Deutsche Bank shares plunge, default insurance at highest since 2018
By Amanda Cooper
LONDON (Reuters) -Deutsche Bank shares tumbled on Friday after the cost of insuring the bank's debt against the risk of default shot to more than four-year highs, highlighting concerns among investors about the stability of Europe's banks.
The region's banking sector has had a rough ride in the last week, with a state-backed rescue of Credit Suisse and turmoil among regional U.S. banks fuelling concerns about the health of the global banking sector.
Deutsche shares, which have lost more than a fifth of their value so far this month, fell by as much as 14.9% on Friday to their lowest in five months. The shares were last down 13% at 8.13 euros ($9.16).
Germany's largest bank has seen $3 billion wiped off its market value in the space of just week.
Deutsche Bank's credit default swaps (CDS) - a form of insurance for bondholders - shot up above 220 basis points (bps) - the most since late 2018 - from 142 bps just two days ago, based on data from S&P Market Intelligence.
On Thursday, Deutsche CDS had their largest one-day gain on record, based on Refinitiv data. But they remain well below highs of close to 300 bps logged during the euro zone debt crisis in 2011.
CDS for major European banks rose across the board on Friday, reflecting investors' reluctance to carry any risk on their portfolios going into the weekend.
"Deutsche Bank has been in the spotlight for a while now, in a similar way to how Credit Suisse had been," Stuart Cole, head macro economist at Equiti Capital, said. "It has gone through various restructurings and changes of leadership in attempts to get it back on a solid footing but so far none of these efforts appear to have really worked."
Deutsche Bank declined to comment when contacted by Reuters.
German finance industry regulator BaFin had no comment.
Some of Deutsche Bank's bonds meanwhile sold off too. Its 7.5% Additional Tier-1 dollar bonds fell nearly 6 cents to 70.054 cents on the dollar, pushing the yield up to 27%.. That yield is almost triple what it was just two weeks ago, based on Tradeweb data.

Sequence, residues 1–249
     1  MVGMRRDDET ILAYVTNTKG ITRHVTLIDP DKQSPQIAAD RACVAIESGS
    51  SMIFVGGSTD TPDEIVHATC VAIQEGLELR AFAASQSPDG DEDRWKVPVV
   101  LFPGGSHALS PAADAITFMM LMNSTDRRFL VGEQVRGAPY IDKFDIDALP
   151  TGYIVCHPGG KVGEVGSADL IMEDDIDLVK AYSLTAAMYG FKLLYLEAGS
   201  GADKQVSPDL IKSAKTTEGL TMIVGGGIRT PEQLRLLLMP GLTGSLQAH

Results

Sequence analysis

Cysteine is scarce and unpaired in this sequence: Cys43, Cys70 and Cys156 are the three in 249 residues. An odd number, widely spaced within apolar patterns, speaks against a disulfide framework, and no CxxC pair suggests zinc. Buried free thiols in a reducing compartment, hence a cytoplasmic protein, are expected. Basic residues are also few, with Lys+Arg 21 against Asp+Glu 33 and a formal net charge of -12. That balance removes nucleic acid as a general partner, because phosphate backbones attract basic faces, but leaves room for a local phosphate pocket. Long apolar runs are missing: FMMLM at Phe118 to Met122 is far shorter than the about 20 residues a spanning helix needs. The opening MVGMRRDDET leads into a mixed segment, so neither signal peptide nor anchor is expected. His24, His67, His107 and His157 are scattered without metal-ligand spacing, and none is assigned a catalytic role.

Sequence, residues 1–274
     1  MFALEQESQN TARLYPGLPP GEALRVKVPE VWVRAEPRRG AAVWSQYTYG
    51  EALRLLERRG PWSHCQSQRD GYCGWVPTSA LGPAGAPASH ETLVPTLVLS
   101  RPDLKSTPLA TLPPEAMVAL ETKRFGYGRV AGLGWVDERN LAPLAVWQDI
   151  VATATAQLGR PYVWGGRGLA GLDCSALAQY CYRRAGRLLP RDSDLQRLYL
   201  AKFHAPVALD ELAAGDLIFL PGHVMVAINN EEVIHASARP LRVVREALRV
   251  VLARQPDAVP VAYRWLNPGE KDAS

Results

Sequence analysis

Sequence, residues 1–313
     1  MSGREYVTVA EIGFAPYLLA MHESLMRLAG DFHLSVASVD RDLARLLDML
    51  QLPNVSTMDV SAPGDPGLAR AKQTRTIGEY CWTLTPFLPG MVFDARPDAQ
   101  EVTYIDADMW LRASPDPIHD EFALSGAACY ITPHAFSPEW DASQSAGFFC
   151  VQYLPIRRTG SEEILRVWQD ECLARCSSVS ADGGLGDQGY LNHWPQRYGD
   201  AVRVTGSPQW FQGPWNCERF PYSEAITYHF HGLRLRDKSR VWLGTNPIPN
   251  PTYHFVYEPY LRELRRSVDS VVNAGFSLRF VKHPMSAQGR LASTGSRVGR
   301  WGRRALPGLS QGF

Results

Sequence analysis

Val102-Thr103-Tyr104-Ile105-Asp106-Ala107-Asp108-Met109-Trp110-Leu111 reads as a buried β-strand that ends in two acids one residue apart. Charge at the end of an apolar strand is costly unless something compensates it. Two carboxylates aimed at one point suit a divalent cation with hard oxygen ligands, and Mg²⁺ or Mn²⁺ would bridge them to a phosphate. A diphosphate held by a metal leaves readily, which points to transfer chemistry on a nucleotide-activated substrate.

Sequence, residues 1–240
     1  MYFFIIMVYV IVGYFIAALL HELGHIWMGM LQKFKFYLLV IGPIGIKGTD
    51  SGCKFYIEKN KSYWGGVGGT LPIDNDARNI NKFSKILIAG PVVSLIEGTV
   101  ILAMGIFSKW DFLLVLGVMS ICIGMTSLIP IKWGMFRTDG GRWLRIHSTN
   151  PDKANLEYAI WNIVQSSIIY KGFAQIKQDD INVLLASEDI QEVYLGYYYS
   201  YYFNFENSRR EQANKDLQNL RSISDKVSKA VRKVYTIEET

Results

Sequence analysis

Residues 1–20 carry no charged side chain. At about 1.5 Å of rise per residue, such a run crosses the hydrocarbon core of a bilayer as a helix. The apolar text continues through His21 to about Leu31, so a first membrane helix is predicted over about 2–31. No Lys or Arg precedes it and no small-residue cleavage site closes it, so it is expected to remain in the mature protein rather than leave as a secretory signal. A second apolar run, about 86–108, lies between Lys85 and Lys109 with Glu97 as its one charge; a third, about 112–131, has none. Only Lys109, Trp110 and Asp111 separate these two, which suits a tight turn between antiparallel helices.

NOT A RERUN OF 2008
Despite the turbulence, market watchers highlight that European regulators and central banks have reiterated their intention to keep markets stable, and that the banks themselves are more strongly capitalised and regulated than they were back in 2007 just before the global financial crisis.
"We have no concerns about Deutsche's viability or asset marks. To be crystal clear - Deutsche is NOT the next Credit Suisse," a report from Autonomous, an independent researcher, said.
"Judging from the movements in Deutsche's CDS, AT1s and share price, investors are worrying about the health of the bank. We are relatively relaxed in view of Deutsche's robust capital and liquidity positions," it said.
AT1s issued by banks have come under pressure since Credit Suisse was forced to write down $17 billion of its AT1s as part of a forced takeover by UBS at the weekend.
"The fallout from the wipe out of AT1 bonds in the CS rescue has raised questions about a key part of bank funding, which makes the problems DB has been facing that much more difficult to overcome," Cole said.
The STOXX 600 index of European banks - which does not include shares of Credit Suisse or UBS - has seen one of its most volatile weeks of trading in a year. The index was last down 5.1%, heading for a monthly decline of nearly 20%.
Separately, Deutsche Bank said it would redeem $1.5 billion in a set of tier 2 notes due in 2028. The bank had already issued similar new notes in February, which were designed to replace the notes that the bank is now redeeming.
($1 = 0.9273 euros)
(Reporting by Amanda Cooper and Chiara Elisei in London, additional reporting by Ankur Banerjee in Singapore and Tom Sims in Frankfurt; Editing by Dhara Ranasinghe and Jane Merriman)